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Tips for Traveling With Teens
Armin Brott

Dear Mr. Dad: My husband and I want to take our two teenagers along on our family vacation this year but every time we try to discuss the topic we end up having a fight. How can we get through this and still make it fun for everyone?

A: Little kids rarely have preconceived expectations about travel-theyapostrophere just so delighted to be going someplace new-so itapostrophes hard to disappoint them. But teenagers are a lot more particular about what they think is fun. And you can pretty well count on there being some differences between your definition and theirs. Sometimes all they want is a chance to hang out with other kids their age. Or, they may be interested in an activity that presents a physical challenge. Itapostrophes a pretty safe bet, though, that theyapostrophere not going to have a lot of interest in spending all day museum hopping. The key is to include your teenagers as much as possible in the decision making and to be flexible. Determine the budget and distance limits then toss suggestions into a hat, pick one, and discuss.

Give the kids a vote in picking hotels and restaurants. If youapostrophere taking a driving trip and the kids are old enough, let them spend some time behind the wheel. Once youapostrophere at your vacation spot, give your teen a small amount of spending money and leave it up to him to spend wisely. If youapostrophere in a place where you feel comfortable letting the kids go off on their own for a while, check out in advance the places they plan to visit-just like you would at home. And be sure everyone agrees on curfews and emergency procedures.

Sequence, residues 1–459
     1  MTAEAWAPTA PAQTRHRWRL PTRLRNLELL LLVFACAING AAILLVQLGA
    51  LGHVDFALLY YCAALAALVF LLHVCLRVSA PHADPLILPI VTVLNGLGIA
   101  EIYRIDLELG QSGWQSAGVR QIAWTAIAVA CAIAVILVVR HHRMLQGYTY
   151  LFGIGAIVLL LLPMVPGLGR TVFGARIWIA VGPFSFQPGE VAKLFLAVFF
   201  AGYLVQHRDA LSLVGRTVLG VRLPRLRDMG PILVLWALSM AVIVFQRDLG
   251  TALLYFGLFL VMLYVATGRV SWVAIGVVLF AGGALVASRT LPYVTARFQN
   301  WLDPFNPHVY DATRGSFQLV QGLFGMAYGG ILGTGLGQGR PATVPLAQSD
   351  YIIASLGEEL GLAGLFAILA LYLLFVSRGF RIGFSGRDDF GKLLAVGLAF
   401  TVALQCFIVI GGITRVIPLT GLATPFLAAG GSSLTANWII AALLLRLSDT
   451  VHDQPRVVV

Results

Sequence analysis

One of the risks of traveling with teens is that they might fall in love on the trip. Thereapostrophes something about unfamiliar surroundings that makes everything seem more exciting and everyone seem more attractive. How you handle the situation will, of course, depend on the circumstances. If youapostrophere trying discourage a summer romance, be gentle. Itapostrophes better to let your child figure out for himself that long-distance romance is hard to difficult to maintain than blame you for ruining his life.

For more tips on travel, check out "Travel with Others Without Wishing Theyapostrophed Stayed Home," by Nadine Davidson. Bon voyage!

A nationally recognized parenting expert, Armin Brott is the author of The New Father: A Dadapostrophes Guide to the First Year, Father for Life, The Expectant Father: Facts, Tips, and Advice for Dads-to-Be; A Dadapostrophes Guide to the Toddler Years, Throwaway Dads, and The Single Father: A Dadapostrophes Guide to Parenting without a Partner. He has written on parenting and fatherhood for the New York Times Magazine, The Washington Post, Newsweek and dozens of other periodicals. He also hosts "Positive Parenting", a nationally distributed, weekly talk show, and lives with his family in Oakland, California. Visit Armin at www.mrdad.com.